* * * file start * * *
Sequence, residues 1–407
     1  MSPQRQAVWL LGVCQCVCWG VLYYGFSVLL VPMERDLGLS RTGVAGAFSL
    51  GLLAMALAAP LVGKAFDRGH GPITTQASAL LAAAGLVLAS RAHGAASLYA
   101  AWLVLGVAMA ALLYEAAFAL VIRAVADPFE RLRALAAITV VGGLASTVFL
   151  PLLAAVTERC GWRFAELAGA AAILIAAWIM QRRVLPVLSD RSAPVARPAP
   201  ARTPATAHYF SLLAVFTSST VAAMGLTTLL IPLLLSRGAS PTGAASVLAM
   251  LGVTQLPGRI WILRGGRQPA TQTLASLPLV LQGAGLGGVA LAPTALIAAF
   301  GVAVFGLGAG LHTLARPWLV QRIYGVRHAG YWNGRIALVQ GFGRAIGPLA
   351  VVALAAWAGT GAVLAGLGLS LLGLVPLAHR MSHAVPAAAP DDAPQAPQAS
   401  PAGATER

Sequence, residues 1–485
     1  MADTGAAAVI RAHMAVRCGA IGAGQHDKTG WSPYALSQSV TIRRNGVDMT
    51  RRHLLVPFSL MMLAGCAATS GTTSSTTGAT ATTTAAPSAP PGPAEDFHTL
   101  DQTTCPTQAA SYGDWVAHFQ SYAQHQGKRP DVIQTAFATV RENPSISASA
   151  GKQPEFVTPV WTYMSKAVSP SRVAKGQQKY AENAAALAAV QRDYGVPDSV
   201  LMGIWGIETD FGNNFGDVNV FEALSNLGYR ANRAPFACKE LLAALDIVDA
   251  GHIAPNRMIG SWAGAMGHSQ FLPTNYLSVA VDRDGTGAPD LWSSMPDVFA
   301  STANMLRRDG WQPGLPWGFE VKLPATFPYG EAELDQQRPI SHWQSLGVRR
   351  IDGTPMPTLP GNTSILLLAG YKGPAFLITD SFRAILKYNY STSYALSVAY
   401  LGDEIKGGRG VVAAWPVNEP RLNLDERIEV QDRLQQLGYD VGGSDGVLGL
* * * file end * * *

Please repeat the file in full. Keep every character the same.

Sequence, residues 1–407
     1  MSPQRQAVWL LGVCQCVCWG VLYYGFSVLL VPMERDLGLS RTGVAGAFSL
    51  GLLAMALAAP LVGKAFDRGH GPITTQASAL LAAAGLVLAS RAHGAASLYA
   101  AWLVLGVAMA ALLYEAAFAL VIRAVADPFE RLRALAAITV VGGLASTVFL
   151  PLLAAVTERC GWRFAELAGA AAILIAAWIM QRRVLPVLSD RSAPVARPAP
   201  ARTPATAHYF SLLAVFTSST VAAMGLTTLL IPLLLSRGAS PTGAASVLAM
   251  LGVTQLPGRI WILRGGRQPA TQTLASLPLV LQGAGLGGVA LAPTALIAAF
   301  GVAVFGLGAG LHTLARPWLV QRIYGVRHAG YWNGRIALVQ GFGRAIGPLA
   351  VVALAAWAGT GAVLAGLGLS LLGLVPLAHR MSHAVPAAAP DDAPQAPQAS
   401  PAGATER

Sequence, residues 1–485
     1  MADTGAAAVI RAHMAVRCGA IGAGQHDKTG WSPYALSQSV TIRRNGVDMT
    51  RRHLLVPFSL MMLAGCAATS GTTSSTTGAT ATTTAAPSAP PGPAEDFHTL
   101  DQTTCPTQAA SYGDWVAHFQ SYAQHQGKRP DVIQTAFATV RENPSISASA
   151  GKQPEFVTPV WTYMSKAVSP SRVAKGQQKY AENAAALAAV QRDYGVPDSV
   201  LMGIWGIETD FGNNFGDVNV FEALSNLGYR ANRAPFACKE LLAALDIVDA
   251  GHIAPNRMIG SWAGAMGHSQ FLPTNYLSVA VDRDGTGAPD LWSSMPDVFA
   301  STANMLRRDG WQPGLPWGFE VKLPATFPYG EAELDQQRPI SHWQSLGVRR
   351  IDGTPMPTLP GNTSILLLAG YKGPAFLITD SFRAILKYNY STSYALSVAY
   401  LGDEIKGGRG VVAAWPVNEP RLNLDERIEV QDRLQQLGYD VGGSDGVLGL